So when I say they had the legal right to own slaves, and that right was taken away from them, that isn't a matter of opinion/belief because that's factually what happened, but that doesn't mean that I think they had the right morally speaking, which is a different concept.

    I hope this makes sense.

  • Was banning human slavery an authoritarian decision?
  • At the time it was a legal right that some humans had, even though it came at the expense of others' moral right (that most people now believe they had, including myself) to be free. Please tell me you understand this. I don't think owning others is a human right in a moral sense, even if it was a legal right for some back then. There is a difference between legal rights and moral rights, because legality is not the same as morality. Sorry if that sounds obvious but I think it's necessary to clarify in order to approach this question with understanding.

  • Was banning human slavery an authoritarian decision?
  • They legally had that right at the time. I don't think they should have had that right, or that they morally have that right. I think we're talking about 2 different meanings of the term "right". In one sense (legally), they had the right, as in it was codified into law. That's not a belief as much as a fact. The part which concerns my belief is whether I think they should have had the right or if they have the moral right, which I don't. I hope that makes sense.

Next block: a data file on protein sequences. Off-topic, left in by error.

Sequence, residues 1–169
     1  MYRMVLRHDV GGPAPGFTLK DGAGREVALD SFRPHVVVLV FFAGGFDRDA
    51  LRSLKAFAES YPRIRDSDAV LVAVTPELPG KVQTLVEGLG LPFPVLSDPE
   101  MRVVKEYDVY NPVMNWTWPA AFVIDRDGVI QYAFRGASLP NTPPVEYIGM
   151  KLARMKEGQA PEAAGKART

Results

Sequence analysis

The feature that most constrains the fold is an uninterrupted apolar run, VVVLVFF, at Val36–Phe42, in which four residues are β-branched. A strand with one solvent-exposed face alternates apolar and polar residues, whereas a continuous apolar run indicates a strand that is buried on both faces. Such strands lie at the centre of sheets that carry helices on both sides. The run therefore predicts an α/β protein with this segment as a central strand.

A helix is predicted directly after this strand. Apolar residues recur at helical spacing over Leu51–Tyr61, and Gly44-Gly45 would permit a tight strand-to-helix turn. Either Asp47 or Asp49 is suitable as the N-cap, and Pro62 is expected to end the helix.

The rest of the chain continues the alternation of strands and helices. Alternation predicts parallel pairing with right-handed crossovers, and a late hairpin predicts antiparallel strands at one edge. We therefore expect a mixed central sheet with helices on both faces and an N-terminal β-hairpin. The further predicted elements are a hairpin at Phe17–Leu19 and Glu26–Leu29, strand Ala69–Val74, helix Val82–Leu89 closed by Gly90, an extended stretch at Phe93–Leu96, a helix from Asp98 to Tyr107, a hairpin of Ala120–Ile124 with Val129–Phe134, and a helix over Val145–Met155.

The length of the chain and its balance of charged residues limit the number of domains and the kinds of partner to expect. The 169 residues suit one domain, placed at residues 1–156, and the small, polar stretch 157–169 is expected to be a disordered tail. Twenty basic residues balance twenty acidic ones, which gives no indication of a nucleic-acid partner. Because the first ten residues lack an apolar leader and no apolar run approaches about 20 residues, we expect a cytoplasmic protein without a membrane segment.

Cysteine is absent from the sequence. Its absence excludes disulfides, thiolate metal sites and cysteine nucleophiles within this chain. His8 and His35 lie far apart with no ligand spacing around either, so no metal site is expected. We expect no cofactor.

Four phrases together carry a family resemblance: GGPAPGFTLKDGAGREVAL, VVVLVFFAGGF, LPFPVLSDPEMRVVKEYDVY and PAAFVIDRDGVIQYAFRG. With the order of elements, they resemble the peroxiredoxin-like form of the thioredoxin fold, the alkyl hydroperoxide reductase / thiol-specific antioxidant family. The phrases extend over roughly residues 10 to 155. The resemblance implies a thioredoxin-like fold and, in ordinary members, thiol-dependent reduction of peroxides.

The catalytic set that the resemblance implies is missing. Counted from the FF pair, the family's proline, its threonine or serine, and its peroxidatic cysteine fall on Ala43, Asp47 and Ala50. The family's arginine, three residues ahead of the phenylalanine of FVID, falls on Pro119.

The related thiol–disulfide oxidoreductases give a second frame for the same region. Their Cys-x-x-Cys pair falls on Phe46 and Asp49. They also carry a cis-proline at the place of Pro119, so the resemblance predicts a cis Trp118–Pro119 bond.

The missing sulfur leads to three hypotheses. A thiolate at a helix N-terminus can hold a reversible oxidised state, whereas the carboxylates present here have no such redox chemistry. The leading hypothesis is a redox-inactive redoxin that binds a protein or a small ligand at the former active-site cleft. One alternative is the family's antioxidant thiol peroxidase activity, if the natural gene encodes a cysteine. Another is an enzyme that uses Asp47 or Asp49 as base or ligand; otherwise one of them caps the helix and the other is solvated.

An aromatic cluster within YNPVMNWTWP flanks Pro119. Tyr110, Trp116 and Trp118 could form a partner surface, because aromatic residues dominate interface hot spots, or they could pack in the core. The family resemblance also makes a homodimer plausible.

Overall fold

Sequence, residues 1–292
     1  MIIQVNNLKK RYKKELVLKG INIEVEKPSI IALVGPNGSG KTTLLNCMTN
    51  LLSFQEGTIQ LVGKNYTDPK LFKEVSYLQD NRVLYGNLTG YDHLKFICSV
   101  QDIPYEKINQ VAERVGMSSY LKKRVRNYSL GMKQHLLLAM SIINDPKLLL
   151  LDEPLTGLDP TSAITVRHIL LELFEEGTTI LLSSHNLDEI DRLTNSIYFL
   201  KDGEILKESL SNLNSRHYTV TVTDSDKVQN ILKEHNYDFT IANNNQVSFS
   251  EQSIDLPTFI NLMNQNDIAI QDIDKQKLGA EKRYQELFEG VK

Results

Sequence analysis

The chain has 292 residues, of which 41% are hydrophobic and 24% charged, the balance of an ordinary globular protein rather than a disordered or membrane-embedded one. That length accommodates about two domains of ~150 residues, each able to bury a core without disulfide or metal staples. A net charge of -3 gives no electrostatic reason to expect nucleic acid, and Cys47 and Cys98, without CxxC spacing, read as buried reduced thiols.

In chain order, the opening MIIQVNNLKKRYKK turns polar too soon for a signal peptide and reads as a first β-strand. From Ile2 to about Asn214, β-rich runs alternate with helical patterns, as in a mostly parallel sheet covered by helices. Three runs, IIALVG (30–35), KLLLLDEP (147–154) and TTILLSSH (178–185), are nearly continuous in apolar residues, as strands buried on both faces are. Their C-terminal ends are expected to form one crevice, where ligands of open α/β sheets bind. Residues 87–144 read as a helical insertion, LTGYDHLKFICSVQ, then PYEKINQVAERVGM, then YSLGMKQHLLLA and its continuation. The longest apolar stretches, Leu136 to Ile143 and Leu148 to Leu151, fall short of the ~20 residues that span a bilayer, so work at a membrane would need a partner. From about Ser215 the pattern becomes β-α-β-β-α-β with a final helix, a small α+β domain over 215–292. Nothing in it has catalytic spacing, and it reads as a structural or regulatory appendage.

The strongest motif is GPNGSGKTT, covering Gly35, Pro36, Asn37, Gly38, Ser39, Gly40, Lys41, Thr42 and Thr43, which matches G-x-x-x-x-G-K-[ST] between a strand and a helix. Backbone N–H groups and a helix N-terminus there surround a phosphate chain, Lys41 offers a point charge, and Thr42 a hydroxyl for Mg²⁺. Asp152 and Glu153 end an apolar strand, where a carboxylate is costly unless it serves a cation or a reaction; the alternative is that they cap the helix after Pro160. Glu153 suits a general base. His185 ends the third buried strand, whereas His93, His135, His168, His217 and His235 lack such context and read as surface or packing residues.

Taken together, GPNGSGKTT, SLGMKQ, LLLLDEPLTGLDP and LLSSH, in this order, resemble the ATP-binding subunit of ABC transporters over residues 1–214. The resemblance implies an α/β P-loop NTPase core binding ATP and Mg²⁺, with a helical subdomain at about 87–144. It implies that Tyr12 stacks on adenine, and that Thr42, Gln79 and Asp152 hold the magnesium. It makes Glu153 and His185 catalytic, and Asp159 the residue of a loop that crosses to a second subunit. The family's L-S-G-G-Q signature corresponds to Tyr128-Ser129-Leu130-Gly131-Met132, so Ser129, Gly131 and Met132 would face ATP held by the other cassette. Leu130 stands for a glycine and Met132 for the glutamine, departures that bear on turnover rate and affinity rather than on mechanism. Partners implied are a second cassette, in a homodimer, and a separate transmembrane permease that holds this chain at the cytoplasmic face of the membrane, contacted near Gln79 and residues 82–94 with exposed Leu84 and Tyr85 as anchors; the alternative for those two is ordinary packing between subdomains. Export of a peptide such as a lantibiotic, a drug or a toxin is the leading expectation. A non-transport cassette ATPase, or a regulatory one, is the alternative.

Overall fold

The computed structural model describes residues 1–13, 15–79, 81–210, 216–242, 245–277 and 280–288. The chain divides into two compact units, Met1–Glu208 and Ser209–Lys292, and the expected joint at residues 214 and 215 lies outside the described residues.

• Was banning human slavery an authoritarian decision?
  • That's a weird assumption when I said it was good that it was abolished. Humans shouldn't have the right to own slaves is my belief. (But they did have that right at the time legally speaking). Or another way to put it, is that I don't think humans have the moral right to own slaves, even if they did have the legal right. This was a response to someone else telling me that banning slavery was an authoritarian decision. I just wanted to get clarification and try to understand it better.

  • Was banning human slavery an authoritarian decision?
  • Thanks, I think this answers my question. Even if it was a majority decision, it seems intuitively like the government (and the majority of people) imposed some kind of authority over the remaining slave owners (who were in the minority), but I understand that generally such a decision wouldn't be considered generally "authoritarian" just because it used that authority, unless it was imposed upon the majority of people.

  • Was banning human slavery an authoritarian decision?